As we approach the end of November and the beginning of December, pond work season is underway for the SNCV. Volunteers have been getting back into the waders and braving the cold waters to clear out ponds once again. Pond work is usually carried out at this time of year, because clearing ponds during the colder months minimises any disturbance to wildlife. Several of Sutton’s nature reserves contain ponds or open bodies of water, including Anton Crescent Wetlands, Kimpton Balancing Pond and Carew Manor Wetlands, to name a few.
Pond work at this time of year usually consists of thinning out Common Reed (Phragmites australis) and Greater Reedmace or Bulrush (Typha latifolia); ‘slubbing out’ to keep the waters flowing freely, and coppicing scrub surrounding the pond to reduce shading and allow more light to reach the water’s surface. Thinning out reeds and reedmace is an important step in pond management, as it helps ensure that the process of ‘succession’ (the steady build up of silt and plant debris which results in edge plants growing into the middle of the pond, leading to the pond filling with vegetation and eventually wet woodland) is prevented. Reedmace can grow very vigorously in ponds under the right conditions, and if left unchecked, it can quickly become dominant and clog up open water with silt.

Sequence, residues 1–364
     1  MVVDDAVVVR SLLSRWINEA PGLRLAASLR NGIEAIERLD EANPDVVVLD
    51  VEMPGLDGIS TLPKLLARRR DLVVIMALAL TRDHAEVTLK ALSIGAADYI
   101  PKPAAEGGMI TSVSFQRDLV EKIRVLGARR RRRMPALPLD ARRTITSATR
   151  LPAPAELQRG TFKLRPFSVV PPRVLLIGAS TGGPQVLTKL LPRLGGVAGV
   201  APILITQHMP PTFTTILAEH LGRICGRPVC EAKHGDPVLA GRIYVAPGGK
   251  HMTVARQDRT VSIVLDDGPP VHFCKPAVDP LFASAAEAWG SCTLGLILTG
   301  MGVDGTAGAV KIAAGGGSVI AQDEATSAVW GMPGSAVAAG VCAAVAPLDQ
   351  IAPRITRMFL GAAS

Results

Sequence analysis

The best way of removing reedmace is to don the waders and pull out the the entire plant from the pond, removing the roots to prevent rapid regrowth. Although it can become dense and overgrown, it is also important to leave some stands, as reedmace provides a valuable habitat for a number of invertebrates including the tiny reedmace bug (Chilacis typhae) which feeds within the flowering heads, and hoverflies (e.g. Anasimyia contracta).
Volunteers also maintain trees and scrub that grow along the banks of the ponds. If these become overgrown they can shade out emergent plants such as water mint (Mentha aquatica) and suberged aquatics like water starwort (Callitriche sp.), which provide amphibians with areas for refuge and egg-laying. Overgrown trees can also cause nutrients to build up in the pond when their leaves drop, encouraging undesirable species, such as duckweed (Lemna sp.) to carpet the surface of the pond.
With pond works under way for this season, watch this space for more updates and pictures of our progress!
SNCV Biodiversity Assistant